We plan to launch an anti-cor­rup­tion dis­cus­sion doc­u­ment, which will form the ba­sis for wider con­sul­ta­tions re­gard­ing the devel­op­ment and im­ple­men­ta­tion of a Na­tional An­tiCor­rup­tion Strat­egy.

Hav­ing na­tional con­sen­sus on how we tackle cor­rup­tion as a so­ci­ety is cru­cial. It is about get­ting a set of ideas and norms that we all buy into and fight to pro­tect.

The all-en­com­pass­ing Na­tional Anti-Cor­rup­tion Strat­egy will em­anate from the dis­cus­sion doc­u­ment, which will have the in­put of gov­ern­ment, busi­ness, labour and civil so­ci­ety.

Do you be­lieve that gov­ern­ment’s strate­gies are ef­fec­tive in tack­ling cor­rup­tion?

SMS us on 35697 us­ing the key­word COR­RUP­TION and tell us what you think. Please in­clude your name and prov­ince. SMSes cost R1.50

It will serve as our joint dec­la­ra­tion against cor­rup­tion in any form and her­ald a res­o­lute com­mit­ment to an eth­i­cal and ac­count­able state, and clean gov­er­nance in busi­ness and civil so­ci­ety sec­tors. It will also sig­nal a com­mit­ment by those in po­si­tions of power to act with in­tegrity, while in­cul­cat­ing a so­ci­ety where cit­i­zens are aware of their rights and re­spon­si­bil­i­ties, re­spect the rule of law and are em­pow­ered to hold those in power to ac­count.

Gov­ern­ment is aware that some may scoff at such lofty ideals, or de­cry this as yet an­other plan. Such crit­i­cisms are wel­comed and will no doubt form part of the na­tional de­lib­er­a­tions em­a­nat­ing from the dis­cus­sion doc­u­ment and the even­tual strat­egy taken.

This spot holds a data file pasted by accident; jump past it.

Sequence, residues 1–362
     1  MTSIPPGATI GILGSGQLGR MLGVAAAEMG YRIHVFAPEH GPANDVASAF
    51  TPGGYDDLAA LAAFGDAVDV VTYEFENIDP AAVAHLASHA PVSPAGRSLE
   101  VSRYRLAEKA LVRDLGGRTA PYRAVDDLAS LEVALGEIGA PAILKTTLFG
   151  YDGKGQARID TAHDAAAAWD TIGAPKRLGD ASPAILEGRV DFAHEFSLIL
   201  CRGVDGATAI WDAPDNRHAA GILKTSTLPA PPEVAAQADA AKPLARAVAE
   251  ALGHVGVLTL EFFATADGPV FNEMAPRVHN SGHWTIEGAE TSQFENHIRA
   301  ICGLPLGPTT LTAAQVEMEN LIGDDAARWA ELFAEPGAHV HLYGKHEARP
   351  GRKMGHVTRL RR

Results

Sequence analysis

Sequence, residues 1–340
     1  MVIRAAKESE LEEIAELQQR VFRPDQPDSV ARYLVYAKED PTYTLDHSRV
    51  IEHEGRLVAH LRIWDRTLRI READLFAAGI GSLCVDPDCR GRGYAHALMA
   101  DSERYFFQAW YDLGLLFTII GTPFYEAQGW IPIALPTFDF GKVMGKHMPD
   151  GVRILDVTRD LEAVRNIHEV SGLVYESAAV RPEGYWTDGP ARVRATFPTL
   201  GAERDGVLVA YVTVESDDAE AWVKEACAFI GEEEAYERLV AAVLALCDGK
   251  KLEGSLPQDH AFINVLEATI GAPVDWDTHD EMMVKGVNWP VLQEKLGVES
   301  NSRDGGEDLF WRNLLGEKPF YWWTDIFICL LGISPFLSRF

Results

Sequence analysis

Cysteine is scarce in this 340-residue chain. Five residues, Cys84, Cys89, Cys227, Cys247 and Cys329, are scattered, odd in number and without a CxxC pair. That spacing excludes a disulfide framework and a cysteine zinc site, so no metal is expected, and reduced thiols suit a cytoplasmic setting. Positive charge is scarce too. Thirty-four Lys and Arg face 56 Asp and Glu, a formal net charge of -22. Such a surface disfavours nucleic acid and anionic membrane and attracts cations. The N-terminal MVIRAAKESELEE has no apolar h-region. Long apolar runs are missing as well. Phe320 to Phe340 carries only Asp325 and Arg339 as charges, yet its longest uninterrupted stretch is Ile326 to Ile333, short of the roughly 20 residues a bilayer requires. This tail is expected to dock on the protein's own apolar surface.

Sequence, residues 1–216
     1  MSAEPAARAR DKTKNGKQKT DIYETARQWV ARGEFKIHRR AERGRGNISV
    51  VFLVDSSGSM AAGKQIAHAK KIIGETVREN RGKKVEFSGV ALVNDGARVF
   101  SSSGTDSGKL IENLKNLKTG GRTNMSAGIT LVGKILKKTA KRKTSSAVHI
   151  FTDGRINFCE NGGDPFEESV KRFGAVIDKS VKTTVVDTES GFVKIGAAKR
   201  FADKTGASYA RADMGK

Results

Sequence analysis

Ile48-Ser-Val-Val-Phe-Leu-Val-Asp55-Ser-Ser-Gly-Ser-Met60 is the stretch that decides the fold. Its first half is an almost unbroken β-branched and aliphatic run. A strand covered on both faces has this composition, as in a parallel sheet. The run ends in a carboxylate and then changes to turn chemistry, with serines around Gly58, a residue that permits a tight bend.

This process is not hap­pen­ing in iso­la­tion. It will strengthen our ex­ist­ing anti-cor­rup­tion arse­nal. This in­cludes the adop­tion of a code of con­duct for the pub­lic ser­vice, as well as the es­tab­lish­ment of spe­cialised anti-cor­rup­tion units such as the SA Po­lice Ser­vice’s or­gan­ised crime unit.

Th­ese are fur­ther com­ple­mented by the direc­torate of pri­or­ity crimes, AKA the Hawks, and the as­set for­fei­ture unit in the Na­tional Pros­e­cut­ing Author­ity which in­cludes the Fi­nan­cial In­tel­li­gence Centre.

Our ef­forts are also en­hanced by spe­cialised com­mer­cial crime courts and the creation of the na­tional and sec­toral an­ticor­rup­tion hot­lines. Th­ese ex­ist along­side the anti-cor­rup­tion task team, which was formed to fast-track in­ves­ti­ga­tions and pros­e­cu­tion. Fur­ther­more, we have co­or­di­nated the work of state or­gans com­bat­ing cor­rup­tion in the pub­lic and pri­vate sec­tors through the anti-cor­rup­tion in­ter­min­is­te­rial com­mit­tee.

Th­ese ac­tions in fight­ing cor­rup­tion ul­ti­mately en­sure that we move South Africa for­ward. But we re­quire the help of all South Africans. The fact is, cor­rup­tion can­not flour­ish if we all take per­sonal re­spon­si­bil­ity to stop it.

Gov­ern­ment ap­peals to all sec­tors of so­ci­ety to get in­volved in draft­ing the Na­tional Anti-Cor­rup­tion Strat­egy. Let us make it our blue­print for a coun­try that has zero tol­er­ance for cor­rup­tion. Radebe is min­is­ter in the pres­i­dency for plan­ning, per­for­mance,

mon­i­tor­ing, eval­u­a­tion and ad­min­is­tra­tion

Newspapers in English

Newspapers from South Africa

© PressReader. All rights reserved.